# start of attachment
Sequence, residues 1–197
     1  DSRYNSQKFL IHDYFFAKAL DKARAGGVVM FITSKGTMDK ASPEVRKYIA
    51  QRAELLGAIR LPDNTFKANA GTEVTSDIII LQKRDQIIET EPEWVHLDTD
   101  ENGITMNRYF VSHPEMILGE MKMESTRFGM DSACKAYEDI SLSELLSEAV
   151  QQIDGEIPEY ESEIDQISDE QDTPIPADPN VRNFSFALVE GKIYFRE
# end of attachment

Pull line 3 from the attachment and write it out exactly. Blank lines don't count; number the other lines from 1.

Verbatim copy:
    51  QRAELLGAIR LPDNTFKANA GTEVTSDIII LQKRDQIIET EPEWVHLDTD